Garden Birds

February 9, 2009 by  
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Garden birds come in large varieties and knowing a bit more about them will make watching them that much more interesting. To identify garden birds in your area use a region specific garden bird guide. For example if you are living in Britain, use a British bird field guide.

The most common garden birds you will find are of the passerine group. Passerines are perching birds and song birds which have three toes pointing forward and one pointing back. Passerines that are commonly seen in gardens include sparrows, thrushes, mynahs, crows, wagtails, chaffinches, goldfinches, magpies, starlings, bulbuls, weavers and more. Weaver’s nests are often easily spotted hanging from the outer branches of trees. It is fascinating to watch the male hard at work building his nest. Thrushes can often be seen darting around under bushes in search of insects. Beware of magpies as they are known as the kleptomaniacs of the avian world. Details on specific garden bird species can be found in a good field guide.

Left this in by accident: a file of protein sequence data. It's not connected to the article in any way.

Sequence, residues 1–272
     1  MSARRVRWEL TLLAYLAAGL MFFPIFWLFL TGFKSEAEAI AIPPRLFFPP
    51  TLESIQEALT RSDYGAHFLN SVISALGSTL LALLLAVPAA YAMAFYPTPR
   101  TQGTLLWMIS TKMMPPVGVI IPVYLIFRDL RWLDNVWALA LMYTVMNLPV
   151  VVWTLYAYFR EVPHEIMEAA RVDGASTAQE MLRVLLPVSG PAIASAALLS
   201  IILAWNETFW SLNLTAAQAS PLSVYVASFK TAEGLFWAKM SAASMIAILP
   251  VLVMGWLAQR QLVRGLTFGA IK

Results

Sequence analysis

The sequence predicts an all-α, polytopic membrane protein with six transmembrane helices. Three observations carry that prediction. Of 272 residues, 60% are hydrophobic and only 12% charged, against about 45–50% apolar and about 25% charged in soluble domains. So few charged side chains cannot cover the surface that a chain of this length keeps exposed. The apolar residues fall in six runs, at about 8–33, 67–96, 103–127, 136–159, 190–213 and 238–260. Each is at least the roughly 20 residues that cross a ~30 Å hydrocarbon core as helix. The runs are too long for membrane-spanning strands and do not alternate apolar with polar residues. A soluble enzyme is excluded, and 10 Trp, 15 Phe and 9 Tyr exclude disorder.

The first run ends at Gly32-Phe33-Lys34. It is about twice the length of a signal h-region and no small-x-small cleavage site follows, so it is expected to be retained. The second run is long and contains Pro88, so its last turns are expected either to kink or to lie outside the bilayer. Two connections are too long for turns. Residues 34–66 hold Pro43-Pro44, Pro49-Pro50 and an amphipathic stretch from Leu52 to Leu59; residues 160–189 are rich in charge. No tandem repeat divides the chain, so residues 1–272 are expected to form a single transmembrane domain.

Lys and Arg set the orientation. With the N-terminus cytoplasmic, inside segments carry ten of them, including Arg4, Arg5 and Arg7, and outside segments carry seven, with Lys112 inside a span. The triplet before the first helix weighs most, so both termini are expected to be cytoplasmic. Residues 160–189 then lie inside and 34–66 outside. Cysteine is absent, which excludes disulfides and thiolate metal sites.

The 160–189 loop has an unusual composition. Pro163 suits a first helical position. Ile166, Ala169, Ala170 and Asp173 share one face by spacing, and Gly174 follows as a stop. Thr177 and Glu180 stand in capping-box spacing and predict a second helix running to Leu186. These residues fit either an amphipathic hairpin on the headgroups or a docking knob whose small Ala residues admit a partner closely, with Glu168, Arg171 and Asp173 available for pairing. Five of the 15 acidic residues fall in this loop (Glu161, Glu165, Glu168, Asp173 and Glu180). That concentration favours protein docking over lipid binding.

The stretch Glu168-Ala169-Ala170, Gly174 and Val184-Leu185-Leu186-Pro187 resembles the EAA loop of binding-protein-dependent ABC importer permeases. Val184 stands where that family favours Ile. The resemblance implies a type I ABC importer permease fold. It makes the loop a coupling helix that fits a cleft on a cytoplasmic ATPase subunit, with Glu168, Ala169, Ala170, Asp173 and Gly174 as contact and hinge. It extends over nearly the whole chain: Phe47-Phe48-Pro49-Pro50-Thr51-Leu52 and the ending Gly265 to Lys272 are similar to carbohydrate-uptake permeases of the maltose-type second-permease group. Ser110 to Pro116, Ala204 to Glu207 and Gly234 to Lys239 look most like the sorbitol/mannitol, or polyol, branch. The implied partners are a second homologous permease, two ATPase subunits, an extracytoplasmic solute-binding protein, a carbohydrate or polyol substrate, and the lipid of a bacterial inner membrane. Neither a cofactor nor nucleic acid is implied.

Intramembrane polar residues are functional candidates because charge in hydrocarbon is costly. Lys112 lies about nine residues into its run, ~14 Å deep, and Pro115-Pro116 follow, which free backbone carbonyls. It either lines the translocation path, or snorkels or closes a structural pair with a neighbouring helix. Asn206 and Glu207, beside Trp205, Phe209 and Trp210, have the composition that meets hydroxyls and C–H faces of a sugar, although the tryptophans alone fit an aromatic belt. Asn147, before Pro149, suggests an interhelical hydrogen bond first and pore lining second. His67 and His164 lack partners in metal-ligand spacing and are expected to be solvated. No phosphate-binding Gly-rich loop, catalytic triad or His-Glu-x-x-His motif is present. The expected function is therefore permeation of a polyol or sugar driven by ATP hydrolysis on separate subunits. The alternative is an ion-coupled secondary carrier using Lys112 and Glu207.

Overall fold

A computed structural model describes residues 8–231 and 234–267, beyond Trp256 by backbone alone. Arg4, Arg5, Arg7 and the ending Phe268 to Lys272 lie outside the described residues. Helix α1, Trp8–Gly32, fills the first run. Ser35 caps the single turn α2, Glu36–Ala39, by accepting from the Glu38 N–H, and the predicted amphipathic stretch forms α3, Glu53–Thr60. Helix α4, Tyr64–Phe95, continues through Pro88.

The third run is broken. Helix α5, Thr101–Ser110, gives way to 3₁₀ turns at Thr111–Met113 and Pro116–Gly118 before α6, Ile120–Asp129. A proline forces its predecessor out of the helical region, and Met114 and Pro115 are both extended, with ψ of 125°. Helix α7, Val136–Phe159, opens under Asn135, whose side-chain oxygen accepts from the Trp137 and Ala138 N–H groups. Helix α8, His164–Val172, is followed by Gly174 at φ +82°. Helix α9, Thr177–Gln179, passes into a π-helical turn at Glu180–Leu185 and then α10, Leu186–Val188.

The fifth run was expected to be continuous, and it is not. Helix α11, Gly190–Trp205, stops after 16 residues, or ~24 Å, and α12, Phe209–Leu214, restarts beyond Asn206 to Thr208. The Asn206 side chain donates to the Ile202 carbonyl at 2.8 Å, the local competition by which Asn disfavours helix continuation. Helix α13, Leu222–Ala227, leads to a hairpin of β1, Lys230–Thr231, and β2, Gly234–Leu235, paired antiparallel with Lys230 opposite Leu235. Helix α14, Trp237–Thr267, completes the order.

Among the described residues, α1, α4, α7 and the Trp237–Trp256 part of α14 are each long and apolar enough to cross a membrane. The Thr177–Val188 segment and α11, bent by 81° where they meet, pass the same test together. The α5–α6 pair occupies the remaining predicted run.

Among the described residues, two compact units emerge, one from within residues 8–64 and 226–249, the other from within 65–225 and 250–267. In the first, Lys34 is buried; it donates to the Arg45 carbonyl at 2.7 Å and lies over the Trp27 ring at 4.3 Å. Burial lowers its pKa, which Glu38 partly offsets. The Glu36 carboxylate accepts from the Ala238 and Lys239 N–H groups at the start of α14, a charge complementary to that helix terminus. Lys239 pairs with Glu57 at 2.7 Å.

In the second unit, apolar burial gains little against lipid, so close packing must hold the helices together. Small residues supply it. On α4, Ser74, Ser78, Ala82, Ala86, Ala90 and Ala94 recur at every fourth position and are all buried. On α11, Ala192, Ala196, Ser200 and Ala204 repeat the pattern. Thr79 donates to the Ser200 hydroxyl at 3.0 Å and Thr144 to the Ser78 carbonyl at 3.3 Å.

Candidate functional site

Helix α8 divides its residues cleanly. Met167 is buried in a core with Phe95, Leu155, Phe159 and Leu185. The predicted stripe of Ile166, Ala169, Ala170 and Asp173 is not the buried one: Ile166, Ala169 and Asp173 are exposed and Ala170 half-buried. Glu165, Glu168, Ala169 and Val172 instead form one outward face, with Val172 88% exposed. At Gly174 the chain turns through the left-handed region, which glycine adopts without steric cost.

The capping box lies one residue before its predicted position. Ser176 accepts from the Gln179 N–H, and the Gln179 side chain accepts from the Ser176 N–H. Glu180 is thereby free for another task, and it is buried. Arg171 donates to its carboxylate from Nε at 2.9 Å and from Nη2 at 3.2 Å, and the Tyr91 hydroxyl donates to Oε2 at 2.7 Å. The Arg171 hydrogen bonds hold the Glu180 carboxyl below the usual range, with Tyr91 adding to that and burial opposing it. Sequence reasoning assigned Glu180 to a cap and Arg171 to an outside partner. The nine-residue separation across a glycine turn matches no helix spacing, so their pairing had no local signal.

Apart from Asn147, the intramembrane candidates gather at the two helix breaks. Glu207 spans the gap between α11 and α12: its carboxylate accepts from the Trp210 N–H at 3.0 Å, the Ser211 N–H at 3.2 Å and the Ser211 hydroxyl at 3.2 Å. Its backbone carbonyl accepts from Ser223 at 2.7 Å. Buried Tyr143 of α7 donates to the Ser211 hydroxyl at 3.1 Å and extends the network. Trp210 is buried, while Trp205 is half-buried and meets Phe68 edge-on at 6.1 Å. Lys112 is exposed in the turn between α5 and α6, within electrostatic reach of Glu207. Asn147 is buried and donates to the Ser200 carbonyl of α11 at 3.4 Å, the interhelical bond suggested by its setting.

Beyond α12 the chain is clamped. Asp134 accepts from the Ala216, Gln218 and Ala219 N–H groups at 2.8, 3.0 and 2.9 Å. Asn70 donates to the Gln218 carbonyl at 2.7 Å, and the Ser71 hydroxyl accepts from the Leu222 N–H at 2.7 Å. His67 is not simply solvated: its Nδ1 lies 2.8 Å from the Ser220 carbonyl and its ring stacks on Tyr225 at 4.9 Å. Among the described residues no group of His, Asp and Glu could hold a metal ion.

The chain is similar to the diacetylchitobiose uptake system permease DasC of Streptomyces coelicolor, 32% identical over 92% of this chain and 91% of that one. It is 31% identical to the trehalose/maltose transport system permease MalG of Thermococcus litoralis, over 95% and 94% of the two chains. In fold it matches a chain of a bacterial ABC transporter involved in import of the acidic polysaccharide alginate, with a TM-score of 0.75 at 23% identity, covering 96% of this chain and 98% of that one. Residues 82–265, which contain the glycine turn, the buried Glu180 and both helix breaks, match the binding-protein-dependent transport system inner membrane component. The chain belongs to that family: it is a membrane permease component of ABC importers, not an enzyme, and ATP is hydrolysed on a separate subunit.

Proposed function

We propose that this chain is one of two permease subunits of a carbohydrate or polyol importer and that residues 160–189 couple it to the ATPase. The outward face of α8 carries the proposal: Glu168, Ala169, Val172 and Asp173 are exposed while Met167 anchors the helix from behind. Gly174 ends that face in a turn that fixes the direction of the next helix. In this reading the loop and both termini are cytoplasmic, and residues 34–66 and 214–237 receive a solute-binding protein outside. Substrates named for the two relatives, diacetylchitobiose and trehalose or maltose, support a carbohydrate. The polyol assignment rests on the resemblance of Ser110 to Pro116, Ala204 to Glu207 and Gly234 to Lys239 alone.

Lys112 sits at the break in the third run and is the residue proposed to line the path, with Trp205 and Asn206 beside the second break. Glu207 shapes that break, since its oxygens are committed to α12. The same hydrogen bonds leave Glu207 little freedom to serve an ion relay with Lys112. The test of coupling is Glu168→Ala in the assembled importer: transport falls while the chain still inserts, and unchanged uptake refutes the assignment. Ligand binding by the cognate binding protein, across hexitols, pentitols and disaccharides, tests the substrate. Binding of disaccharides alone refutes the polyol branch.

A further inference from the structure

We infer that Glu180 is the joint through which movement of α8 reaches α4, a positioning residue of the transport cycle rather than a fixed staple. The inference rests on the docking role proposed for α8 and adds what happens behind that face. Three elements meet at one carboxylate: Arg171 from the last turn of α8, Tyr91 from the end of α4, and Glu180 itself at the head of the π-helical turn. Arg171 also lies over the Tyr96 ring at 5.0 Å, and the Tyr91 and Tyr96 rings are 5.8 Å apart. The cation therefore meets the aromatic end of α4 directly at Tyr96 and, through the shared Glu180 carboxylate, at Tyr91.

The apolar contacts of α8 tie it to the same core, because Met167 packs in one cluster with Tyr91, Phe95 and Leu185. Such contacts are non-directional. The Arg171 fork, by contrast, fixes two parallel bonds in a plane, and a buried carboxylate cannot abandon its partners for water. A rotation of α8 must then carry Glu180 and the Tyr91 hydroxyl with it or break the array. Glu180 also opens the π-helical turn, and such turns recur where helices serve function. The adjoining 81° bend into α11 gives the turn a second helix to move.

The other group of garden birds are the non-passerines. These are non-perching birds. Non-passerines that may be spotted in the garden are pigeons, doves, woodpeckers, hoopoes, parrot species, swifts, owls, cuckoos, lapwings, various smaller birds of prey and so on. Obviously the size of your property will determine the types of garden birds that will be seen. Doves and pigeons will probably be the most likely species of non-passerine that you will see as they often frequent garden bird feeders.

Garden birds can be enticed to your garden by a ready supply of food, bearing in mind that different species have different preferences. Likewise, many bird feeders are available to attract various types of birds, and a bird bath is always a welcome addition to a garden. By providing such accessories you will open up a delightful opportunities to view and identify birds in your own garden.

Mirror Test Reveals Magpie’s Amazing Self-Recognition Ability

August 20, 2008 by  
Filed under Features

In a research project which shatters the long held belief that the ability of self-recognition was restricted to select primates, it has been discovered that Magpies also have this ability. This discovery brings another long held belief into question with regard to which part of the brain is used in the function of self-recognition. Strong evidence has indicated that it is the neocortex which comes into play in this function, but magpies do not even possess a neocortex.

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